Accusation 4: The legislation will be a violation of China’s international obligations under the Sino-British Joint Declaration.

The truth: The legal basis for the Chinese government to govern Hong Kong is the Chinese Constitution and the Basic Law of the HKSAR. The Sino-British Joint Declaration is not relevant in this regard.
As China resumed the exercise of sovereignty over Hong Kong in 1997, all provisions concerning the UK under the Joint Declaration had been fulfilled. The basic policies regarding Hong Kong stated by China in the Joint Declaration are not commitments to the UK, but China’s declaration of its policies, which have since been fully embodied in the Basic Law enacted by the NPC. These policies have not changed; they will continue to be upheld by China. For example,

(1) The Constitution, as the fundamental law of China, has supreme legal status and authority. It forms the legal basis for the establishment of special administrative regions and the formulation of the Basic Law of the HKSAR. It is clearly stipulated in the Preamble of the Basic Law that in accordance with China’s Constitution, the NPC enacts Hong Kong’s Basic Law, “prescribing the systems to be practiced in the Hong Kong SAR, in order to ensure the implementation of the basic policies of the People’s Republic of China regarding Hong Kong”.

(2) The Sino-British Joint Declaration is an important document concerning China’s recovery of Hong Kong and relevant arrangements during the transitional period. It consists of eight paragraphs and three annexes. Paragraph 1 is about China resuming the exercise of sovereignty over Hong Kong. Paragraph 2 is about the UK restoring Hong Kong to China. Both paragraphs were fulfilled with Hong Kong’s return. Paragraph 3 and Annex I are declaration and elaboration of China’s basic policies regarding Hong Kong. Paragraphs 4 to 6 and Annex II and III stipulate arrangements during the transitional period. Paragraphs 7 and 8 are about the Joint Declaration’s implementation and entry into force. With the return of Hong Kong and the completion of follow-up matters, all UK-related provisions have been fulfilled.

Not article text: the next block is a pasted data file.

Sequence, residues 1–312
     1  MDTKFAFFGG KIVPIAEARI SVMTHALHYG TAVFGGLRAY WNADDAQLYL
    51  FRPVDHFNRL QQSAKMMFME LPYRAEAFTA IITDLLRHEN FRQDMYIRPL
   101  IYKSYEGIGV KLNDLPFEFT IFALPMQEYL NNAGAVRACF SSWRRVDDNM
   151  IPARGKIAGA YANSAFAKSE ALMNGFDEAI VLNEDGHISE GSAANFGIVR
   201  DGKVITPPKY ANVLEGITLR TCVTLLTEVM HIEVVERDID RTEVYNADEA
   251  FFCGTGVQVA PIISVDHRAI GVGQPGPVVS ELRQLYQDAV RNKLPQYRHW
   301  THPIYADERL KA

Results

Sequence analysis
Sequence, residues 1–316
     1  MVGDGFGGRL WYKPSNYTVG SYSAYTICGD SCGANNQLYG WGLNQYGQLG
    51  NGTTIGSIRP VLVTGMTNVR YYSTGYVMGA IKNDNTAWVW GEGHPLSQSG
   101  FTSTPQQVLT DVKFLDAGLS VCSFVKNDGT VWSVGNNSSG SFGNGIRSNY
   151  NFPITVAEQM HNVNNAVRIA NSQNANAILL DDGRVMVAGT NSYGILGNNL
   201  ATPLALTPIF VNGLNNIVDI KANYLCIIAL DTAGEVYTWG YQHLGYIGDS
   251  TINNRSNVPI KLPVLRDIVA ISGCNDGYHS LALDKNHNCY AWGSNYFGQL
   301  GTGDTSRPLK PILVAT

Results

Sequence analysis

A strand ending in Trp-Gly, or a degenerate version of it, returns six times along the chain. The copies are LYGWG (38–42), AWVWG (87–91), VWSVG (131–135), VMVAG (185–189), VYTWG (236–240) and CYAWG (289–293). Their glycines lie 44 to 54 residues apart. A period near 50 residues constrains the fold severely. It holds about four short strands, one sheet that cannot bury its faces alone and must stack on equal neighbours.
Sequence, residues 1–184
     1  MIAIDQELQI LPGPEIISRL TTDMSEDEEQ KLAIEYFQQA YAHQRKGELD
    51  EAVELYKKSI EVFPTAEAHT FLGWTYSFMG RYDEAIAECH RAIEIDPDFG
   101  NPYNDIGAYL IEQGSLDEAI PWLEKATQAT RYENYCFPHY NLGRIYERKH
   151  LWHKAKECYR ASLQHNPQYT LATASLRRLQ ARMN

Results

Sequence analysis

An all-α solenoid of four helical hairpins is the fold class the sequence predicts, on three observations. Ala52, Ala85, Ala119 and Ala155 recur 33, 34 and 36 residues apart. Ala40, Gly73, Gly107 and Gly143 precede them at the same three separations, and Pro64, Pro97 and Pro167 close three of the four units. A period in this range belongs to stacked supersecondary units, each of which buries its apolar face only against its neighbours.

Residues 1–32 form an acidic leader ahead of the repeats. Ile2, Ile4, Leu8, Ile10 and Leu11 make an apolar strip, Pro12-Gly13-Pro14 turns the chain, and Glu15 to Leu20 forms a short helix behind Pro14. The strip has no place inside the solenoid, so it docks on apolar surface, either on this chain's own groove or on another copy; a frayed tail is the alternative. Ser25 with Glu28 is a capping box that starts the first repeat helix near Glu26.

(3) The Joint Declaration does not assign the UK any responsibility over Hong Kong nor give it any right to intervene in Hong Kong affairs after the handover. The UK has no sovereignty, jurisdiction or “right of supervision” over Hong Kong after its return. The Joint Declaration is a bilateral instrument between China and the UK; it does not involve any other country or has anything to do with a third country. Sovereign equality and non-interference are enshrined in international law and are basic norms of international relations. Other countries and organizations have no right to meddle in Hong Kong affairs on the grounds of the Joint Declaration.

Accusation 5: The legislation will affect the rights and freedoms of Hong Kong residents.
The truth: The legislation will not affect the rights and freedoms Hong Kong residents enjoy under the law; it will enable them to enjoy their lawful rights and freedoms in a safe environment. For example,

(1) Fundamentally speaking, safeguarding national security and protecting human rights do not conflict with each other. The NPC’s decision targets only acts of secession, subverting state power and organizing and carrying out terrorist activities that seriously jeopardize national security as well as interference in the HKSAR affairs by external forces. For the majority of law-abiding residents and foreigners in Hong Kong who love the city, there is no need to worry that they might be unfavorably impacted.